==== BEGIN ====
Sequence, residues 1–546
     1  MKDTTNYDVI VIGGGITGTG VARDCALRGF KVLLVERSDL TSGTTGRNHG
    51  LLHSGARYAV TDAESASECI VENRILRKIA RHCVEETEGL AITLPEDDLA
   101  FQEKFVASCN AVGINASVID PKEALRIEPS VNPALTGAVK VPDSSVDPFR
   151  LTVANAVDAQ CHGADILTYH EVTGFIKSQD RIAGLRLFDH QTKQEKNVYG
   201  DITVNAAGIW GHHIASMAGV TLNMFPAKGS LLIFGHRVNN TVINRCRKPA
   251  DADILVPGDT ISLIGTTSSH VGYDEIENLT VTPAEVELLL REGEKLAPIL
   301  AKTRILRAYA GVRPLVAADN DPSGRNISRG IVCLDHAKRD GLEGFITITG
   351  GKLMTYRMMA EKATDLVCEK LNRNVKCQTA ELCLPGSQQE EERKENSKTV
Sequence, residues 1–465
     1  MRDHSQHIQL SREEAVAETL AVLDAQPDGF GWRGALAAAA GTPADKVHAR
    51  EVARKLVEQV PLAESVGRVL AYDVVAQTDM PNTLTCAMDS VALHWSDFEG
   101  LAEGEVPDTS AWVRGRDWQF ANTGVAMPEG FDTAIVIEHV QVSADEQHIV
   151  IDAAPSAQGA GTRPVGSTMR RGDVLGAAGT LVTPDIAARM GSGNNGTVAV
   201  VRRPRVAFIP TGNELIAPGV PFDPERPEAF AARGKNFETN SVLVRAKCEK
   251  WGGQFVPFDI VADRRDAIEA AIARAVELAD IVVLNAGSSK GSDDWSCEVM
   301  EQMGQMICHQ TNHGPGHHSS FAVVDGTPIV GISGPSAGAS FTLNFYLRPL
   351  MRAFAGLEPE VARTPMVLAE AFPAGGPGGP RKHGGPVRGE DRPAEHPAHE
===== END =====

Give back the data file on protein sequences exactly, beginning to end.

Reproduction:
Sequence, residues 1–546
     1  MKDTTNYDVI VIGGGITGTG VARDCALRGF KVLLVERSDL TSGTTGRNHG
    51  LLHSGARYAV TDAESASECI VENRILRKIA RHCVEETEGL AITLPEDDLA
   101  FQEKFVASCN AVGINASVID PKEALRIEPS VNPALTGAVK VPDSSVDPFR
   151  LTVANAVDAQ CHGADILTYH EVTGFIKSQD RIAGLRLFDH QTKQEKNVYG
   201  DITVNAAGIW GHHIASMAGV TLNMFPAKGS LLIFGHRVNN TVINRCRKPA
   251  DADILVPGDT ISLIGTTSSH VGYDEIENLT VTPAEVELLL REGEKLAPIL
   301  AKTRILRAYA GVRPLVAADN DPSGRNISRG IVCLDHAKRD GLEGFITITG
   351  GKLMTYRMMA EKATDLVCEK LNRNVKCQTA ELCLPGSQQE EERKENSKTV
Sequence, residues 1–465
     1  MRDHSQHIQL SREEAVAETL AVLDAQPDGF GWRGALAAAA GTPADKVHAR
    51  EVARKLVEQV PLAESVGRVL AYDVVAQTDM PNTLTCAMDS VALHWSDFEG
   101  LAEGEVPDTS AWVRGRDWQF ANTGVAMPEG FDTAIVIEHV QVSADEQHIV
   151  IDAAPSAQGA GTRPVGSTMR RGDVLGAAGT LVTPDIAARM GSGNNGTVAV
   201  VRRPRVAFIP TGNELIAPGV PFDPERPEAF AARGKNFETN SVLVRAKCEK
   251  WGGQFVPFDI VADRRDAIEA AIARAVELAD IVVLNAGSSK GSDDWSCEVM
   301  EQMGQMICHQ TNHGPGHHSS FAVVDGTPIV GISGPSAGAS FTLNFYLRPL
   351  MRAFAGLEPE VARTPMVLAE AFPAGGPGGP RKHGGPVRGE DRPAEHPAHE